tab1
Table 1: Characteristics of restorative material used in the study (manufacturers’ informations).

For the color and microhardness measurements specimens with 8 mm in diameter and 1 mm thickness were made in a metallic mold. The composite resin was packed into the mold, with the upper and lower surfaces covered with acetate matrix strips. The specimens were light-cured during 40 seconds by a light-curing unit- (LCU) based on LED (LEC 1000, MM Optics, São Carlos, SP, Brazil). The LCU was calibrated before light-curing process of the composite resin, and the power density of 500 mW/cm2 was obtained by the use of a power meter (Fieldmaster, Coherent-model FM, set WX65, part 33-0506, USA).

Following light-curing, the specimens were removed from the molds and placed at distilled water for 24 hours to assure complete polymerization.

2.1. Color Measurements

Initial quantitative color ( E) measurements were performed by the use of a spectrophotometer (Pocket Pro, PocketSpee Techonologies Inc., Denver, Colo, USA). During baseline measurements, three measurements were performed for each specimen, and the mean of the readings was calculated. The mean of each specimen was calculated by use of the CIE Lab uniform color scale.

The magnitude of the total color difference is represented by a single number = , where represents lightness, redness-greenness and yellowness-blueness. This formula provides numeric data that represent the differences in color perceived between 2 objects.

The specimens were then randomly divided into 5 groups ( ):

(i)Group 1: stored in artificial saliva at for three weeks and served as control;(ii)Group 2: specimens were treated with hydrogen peroxide at 7% for four hours per day for two weeks;(iii)Group 3: specimens were treated with hydrogen peroxide at 35% (three sessions of 30 min each at intervals of one week);(iv)Group 4: specimens were treated with carbamide peroxide at 10% for four hours per day for two weeks;(v)Group 5: specimens were treated with carbamide peroxide at 35% (three sessions of 30 minutes each at intervals of one week).

During the test period, the specimens were kept at and 100% relative humidity. Each day after the active treatment period the specimens were rinsed with distilled water to remove the bleaching agents and stored in artificial saliva. At the end of the bleaching regimens, color changes measurements of the control and the test groups were obtained as previously described. All specimens were measured three times and the average values were calculated.

2.2. Microhardness Measurements

After curing and storage for 24 hours the top surfaces of all specimens were then polished with a sequential series of 3 (medium, fine, and superfine) Sof-Lex disks (3M ESPE) and a slow-speed handpiece. The specimens were then randomly divided into 5 groups ( ) as already reported for the color’s assessment.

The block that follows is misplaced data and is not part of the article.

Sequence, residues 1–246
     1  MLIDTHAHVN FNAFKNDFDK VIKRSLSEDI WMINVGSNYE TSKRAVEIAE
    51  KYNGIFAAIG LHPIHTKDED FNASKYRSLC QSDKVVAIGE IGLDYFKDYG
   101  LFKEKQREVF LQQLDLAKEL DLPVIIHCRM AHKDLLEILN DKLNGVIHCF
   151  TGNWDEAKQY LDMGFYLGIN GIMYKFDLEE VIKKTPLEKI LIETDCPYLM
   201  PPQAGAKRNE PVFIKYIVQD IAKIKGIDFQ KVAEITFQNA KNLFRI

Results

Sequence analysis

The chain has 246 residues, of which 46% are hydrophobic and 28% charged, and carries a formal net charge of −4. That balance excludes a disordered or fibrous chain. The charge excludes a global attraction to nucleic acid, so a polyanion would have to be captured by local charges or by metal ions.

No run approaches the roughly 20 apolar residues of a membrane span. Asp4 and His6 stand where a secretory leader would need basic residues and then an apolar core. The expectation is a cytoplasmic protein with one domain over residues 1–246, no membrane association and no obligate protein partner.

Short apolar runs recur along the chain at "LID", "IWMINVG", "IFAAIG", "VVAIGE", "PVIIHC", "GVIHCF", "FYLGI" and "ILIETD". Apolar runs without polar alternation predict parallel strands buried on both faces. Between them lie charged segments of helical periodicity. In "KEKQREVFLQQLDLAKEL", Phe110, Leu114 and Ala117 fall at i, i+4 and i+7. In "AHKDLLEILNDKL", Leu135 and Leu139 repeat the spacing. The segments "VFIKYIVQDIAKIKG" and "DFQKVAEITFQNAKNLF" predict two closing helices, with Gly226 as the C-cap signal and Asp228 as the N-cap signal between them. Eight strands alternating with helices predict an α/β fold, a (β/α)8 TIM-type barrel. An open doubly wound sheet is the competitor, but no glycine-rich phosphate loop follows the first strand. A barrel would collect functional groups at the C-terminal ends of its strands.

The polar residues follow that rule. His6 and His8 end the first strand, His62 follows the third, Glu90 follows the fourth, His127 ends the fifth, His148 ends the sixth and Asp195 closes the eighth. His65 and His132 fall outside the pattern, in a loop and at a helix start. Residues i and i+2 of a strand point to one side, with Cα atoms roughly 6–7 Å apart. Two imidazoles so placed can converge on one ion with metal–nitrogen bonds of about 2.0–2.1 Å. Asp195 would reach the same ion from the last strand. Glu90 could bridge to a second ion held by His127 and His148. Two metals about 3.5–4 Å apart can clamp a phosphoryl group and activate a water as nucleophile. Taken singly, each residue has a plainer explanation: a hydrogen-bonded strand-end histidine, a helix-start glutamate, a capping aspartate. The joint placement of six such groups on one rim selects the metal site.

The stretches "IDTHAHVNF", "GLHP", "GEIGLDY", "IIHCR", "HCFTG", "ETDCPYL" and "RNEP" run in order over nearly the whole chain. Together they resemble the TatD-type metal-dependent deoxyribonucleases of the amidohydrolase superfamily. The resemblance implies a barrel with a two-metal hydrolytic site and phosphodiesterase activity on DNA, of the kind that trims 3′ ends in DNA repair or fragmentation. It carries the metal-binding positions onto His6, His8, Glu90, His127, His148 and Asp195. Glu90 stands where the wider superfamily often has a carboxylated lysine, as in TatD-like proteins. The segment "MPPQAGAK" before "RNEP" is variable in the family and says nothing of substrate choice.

The specimens were blotted dry and positioned beneath the indenter of a microhardness tester Micromet 2100 (Buehler, Lake Bluff, Ill, USA). A 50 g load was applied through the indenter, with a dwell time of 30 seconds. This method depended on visualization of the surface indentations through the microscope of the testing machine. The length of the diagonal of each indentation was measured directly from the graduated eyepiece of the microscope in the testing machine. Four indentations were made at random on the top surface of each specimen, and a mean value was calculated as the microhardness for that specimen. Microhardness was measured at 24 hours after polymerization (baseline), at the end of the bleaching regimens (three weeks) on the same specimen.

2.3. Statistical Analysis

The data were analyzed by Analysis of Variance (ANOVA) with Stata Software (Stata Statistical Software: Release 8.0, College Station, Stata Corporation, Tex, USA) at level significance of 5%.

3. Results

3.1. Color Measurements

Table 2 shows the mean values for the different groups. The results showed that the differences were not statistically significant among groups ( ). The values of each bleaching regimens were analyzed by Analysis of Variance and the data showed that all four bleaching regimens had no significant effect on the color of nanofilled composite resin Filtek Supreme XT (3M ESPE, Dental Products St. Paul, Minn, USA).

tab2
Table 2: Mean and standard deviation (±sd) E values for all experimental groups.

Comparing the mean color changes performed in each one of the five groups, it can be seen that they were homogeneous and this finding can point out to the same results in the use of these four bleaching regimens (Figure 1).

313845.fig.001
Figure 1: Mean E values for all Groups (G1: control; G2: Hydrogen peroxide 7%; G3: Hydrogen peroxide 35%; G4: Carbamide peroxide 10%; G5: Carbamide peroxide 35%).
3.2. Microhardness Measurements

Means and standard deviations of the VH of the specimens at baseline and after bleaching regimens are shown in Tables 3 and 4. The difference between the VH values (baseline and after bleaching) were statistically significant ( ). The VH values after storage and bleaching was significantly lower in comparison to baseline values.

tab3
Table 3: Mean values and standard deviation (±sd) for VHN (baseline).
tab4
Table 4: Mean values and standard deviation (±sd) for VHN (after bleaching).

All solutions, either storage (artificial saliva) or treatment (bleaching agents) affected VHN of the restorative material at all the levels evaluated. However, storage in artificial saliva and bleaching regimens promoted significant decrease in VHN mean values for all Groups tested.

Similar VHN values was observed in bleached samples, that is, from specimens treated with HP (7% and 35%) and CP (10% and 35%), as well as samples of the positive control. Thus, after bleaching regimens, no significant differences were found among Groups. The Figure 2 shows the results of microhardness for baseline and after bleaching procedures.

313845.fig.002